With the energy, appetite and shared aspirations for pathology quality assurance I have come across throughout this Review, it is my hope that this report and the agreed actions it sets out will speak to the service, empowering individuals and organisations, both at the centre and at the front lines, to work together to make its ambition a reality.
Yours sincerely, Dr Ian Barnes PhD, FRCPath Chair, Pathology Quality Assurance Review
1.1. Pathology lies at the heart of the NHS’s work. NHS pathology services in England employ around 33,000 people in over 150 organisations responding to approximately 200 million requests a year, representing involvement in around 80% of patient interactions with the NHS.
1.2. The service routinely offers hundreds of different tests and investigations to requesting clinicians. Demand for tests has risen consistently as the NHS has understood the contribution that pathology can make to better outcomes and longer lives and patients and clinicians have consistently high levels of conﬁdence in the service provided.
1.3. This conﬁdence is not without foundation: the UK has been at the forefront of quality assurance in pathology for the past 50 years, leading the way on external quality assurance. The UK was, along with Holland, the ﬁrst European country to introduce a laboratory accreditation scheme for pathology.
1.4. However, the current system relies almost entirely on professionalism and goodwill. It was set up to provide assurance to laboratories. It was not designed to provide public assurance to patients, nor to assist boards and commissioners in fulﬁlling their statutory duties.
1.5. Moreover, the current system is focused on minimal acceptable standards, and it does nothing to identify, incentivise or reward those who are striving for excellence. Nor, it must be said, does it provide much in the way of sanctions or support when laboratories do fall below an acceptable standard of performance.
1.6. We believe there is an appetite to improve and move towards aspirational practices at every level of the quality assurance system in pathology. Taken individually, the changes suggested in this report are modest and achievable.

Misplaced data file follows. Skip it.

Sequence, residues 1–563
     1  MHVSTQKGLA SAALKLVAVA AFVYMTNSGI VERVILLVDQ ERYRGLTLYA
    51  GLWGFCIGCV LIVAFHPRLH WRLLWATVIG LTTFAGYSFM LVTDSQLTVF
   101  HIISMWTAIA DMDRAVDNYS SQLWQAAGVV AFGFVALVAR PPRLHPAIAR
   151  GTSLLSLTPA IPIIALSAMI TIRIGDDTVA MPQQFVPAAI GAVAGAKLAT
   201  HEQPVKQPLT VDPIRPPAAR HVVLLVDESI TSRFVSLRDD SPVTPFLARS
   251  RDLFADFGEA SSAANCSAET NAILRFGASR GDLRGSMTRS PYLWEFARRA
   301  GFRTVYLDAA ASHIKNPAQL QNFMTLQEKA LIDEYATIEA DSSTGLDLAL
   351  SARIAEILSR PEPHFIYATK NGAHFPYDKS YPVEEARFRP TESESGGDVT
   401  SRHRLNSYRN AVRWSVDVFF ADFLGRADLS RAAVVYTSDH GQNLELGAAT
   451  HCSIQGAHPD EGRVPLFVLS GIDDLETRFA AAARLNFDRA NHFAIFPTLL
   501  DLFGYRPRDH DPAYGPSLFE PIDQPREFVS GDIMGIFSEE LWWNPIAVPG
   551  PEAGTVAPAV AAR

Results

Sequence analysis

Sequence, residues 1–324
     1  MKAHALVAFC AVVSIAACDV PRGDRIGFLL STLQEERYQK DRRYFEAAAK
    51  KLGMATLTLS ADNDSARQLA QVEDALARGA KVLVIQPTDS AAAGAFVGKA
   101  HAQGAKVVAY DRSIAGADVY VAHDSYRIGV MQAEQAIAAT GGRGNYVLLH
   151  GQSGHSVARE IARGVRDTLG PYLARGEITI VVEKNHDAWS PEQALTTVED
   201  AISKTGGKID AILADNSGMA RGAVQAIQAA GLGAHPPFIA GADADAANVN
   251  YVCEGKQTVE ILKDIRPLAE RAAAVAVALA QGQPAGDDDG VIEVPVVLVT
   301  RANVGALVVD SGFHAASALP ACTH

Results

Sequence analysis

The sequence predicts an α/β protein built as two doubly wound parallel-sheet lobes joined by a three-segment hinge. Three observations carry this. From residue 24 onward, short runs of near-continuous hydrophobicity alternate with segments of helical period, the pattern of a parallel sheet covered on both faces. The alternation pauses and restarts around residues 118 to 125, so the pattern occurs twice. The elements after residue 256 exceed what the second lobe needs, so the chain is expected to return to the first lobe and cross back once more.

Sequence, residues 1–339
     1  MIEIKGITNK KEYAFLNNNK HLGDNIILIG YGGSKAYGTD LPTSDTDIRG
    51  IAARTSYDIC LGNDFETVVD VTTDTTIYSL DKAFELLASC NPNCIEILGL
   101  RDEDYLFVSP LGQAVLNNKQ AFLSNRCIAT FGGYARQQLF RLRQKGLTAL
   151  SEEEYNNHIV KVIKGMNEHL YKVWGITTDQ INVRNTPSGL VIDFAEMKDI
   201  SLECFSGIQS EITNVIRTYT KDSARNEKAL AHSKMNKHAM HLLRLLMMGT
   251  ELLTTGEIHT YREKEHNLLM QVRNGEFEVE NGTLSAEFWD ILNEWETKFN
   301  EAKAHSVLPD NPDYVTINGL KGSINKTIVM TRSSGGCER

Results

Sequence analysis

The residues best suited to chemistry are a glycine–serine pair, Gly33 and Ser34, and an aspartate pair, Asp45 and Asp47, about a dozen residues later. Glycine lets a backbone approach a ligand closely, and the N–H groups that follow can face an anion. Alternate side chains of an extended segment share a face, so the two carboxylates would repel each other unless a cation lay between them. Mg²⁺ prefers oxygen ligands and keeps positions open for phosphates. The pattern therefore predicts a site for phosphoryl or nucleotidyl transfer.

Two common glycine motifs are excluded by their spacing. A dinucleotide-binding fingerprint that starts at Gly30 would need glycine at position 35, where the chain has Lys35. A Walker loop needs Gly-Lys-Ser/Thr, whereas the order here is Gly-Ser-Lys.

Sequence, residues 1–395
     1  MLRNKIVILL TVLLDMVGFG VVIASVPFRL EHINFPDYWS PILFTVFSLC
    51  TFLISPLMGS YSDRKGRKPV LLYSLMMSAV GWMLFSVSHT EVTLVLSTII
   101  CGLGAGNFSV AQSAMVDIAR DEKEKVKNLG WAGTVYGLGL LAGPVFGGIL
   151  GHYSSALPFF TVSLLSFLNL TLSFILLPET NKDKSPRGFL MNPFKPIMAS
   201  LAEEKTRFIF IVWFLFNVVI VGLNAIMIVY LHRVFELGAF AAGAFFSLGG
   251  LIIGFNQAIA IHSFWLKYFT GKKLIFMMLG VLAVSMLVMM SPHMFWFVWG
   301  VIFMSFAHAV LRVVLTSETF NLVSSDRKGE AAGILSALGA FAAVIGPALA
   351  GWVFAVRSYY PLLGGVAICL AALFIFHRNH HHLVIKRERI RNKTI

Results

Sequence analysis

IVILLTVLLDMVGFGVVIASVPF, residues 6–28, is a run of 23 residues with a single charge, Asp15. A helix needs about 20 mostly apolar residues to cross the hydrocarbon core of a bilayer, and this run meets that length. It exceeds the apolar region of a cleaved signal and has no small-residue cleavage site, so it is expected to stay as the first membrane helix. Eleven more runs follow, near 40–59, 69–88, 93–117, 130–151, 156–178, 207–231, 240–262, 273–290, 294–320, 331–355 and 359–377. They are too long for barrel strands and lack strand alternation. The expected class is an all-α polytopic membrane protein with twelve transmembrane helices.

They simply make better use of the processes we already have in place. But taken
together, these measures should ensure that pathology services are:
• visible to patients
• accountable to boards and commissioners
• reliable, robust, and responsive
• rewarded when they make improvements in quality, patient safety, and in the contribution they make to patient experience
• held to account when they fail to offer the level of service patients expect
Why the Review?
1.7. The current pathology quality assurance framework lacks several key factors:
transparency, integration, scrutiny, oversight and effective triggers for reward and sanction, without which we cannot say the best interests of patients and healthcare generally are truly being served.
1.7.1. The broad assurance framework has a lack of key assurance indicators (KAIs) to evidence quality and safety of pathology services, and to
1. Introduction enable effective contract management both within organisations and by commissioners.
1.7.2. Pathology assurance and governance is not consistently embedded in provider governance and assurance frameworks.
1.7.3. Pathology is unable to provide evidence to the Care Quality Commission (CQC)/Hospital Inspectorate of the overall quality of pathology services.
1.7.4. Pathology needs to respond to changing and additional requirements from commissioners and the public for information and assurance around consistency of provision and reporting.
1.7.5. The impact of new technology and processes (genomics, point of care testing (POCT), digitalisation, molecular techniques, informatics) on delivering pathology services, and the impact on a rapidly changing workforce, require a strengthened quality assurance framework.
1.8. The current system was ﬁt for the purpose for which it was designed, but it is not ﬁt for the future, nor does it meet the emerging requirement for transparency and well-evidenced quality assurance. Therefore, the Review and the recommendations it makes will attempt to bring these features of the system into sharper focus, strengthening existing structures to ensure these gaps are ﬁlled.
1.9. The work of the Review was broad, covering a great number of facets and levels of an already complex system. In order to best tackle this expansive area of investigation a secretariat and a Review Board was appointed (members listed at the back of this document), and the scope of work was divided into three tiered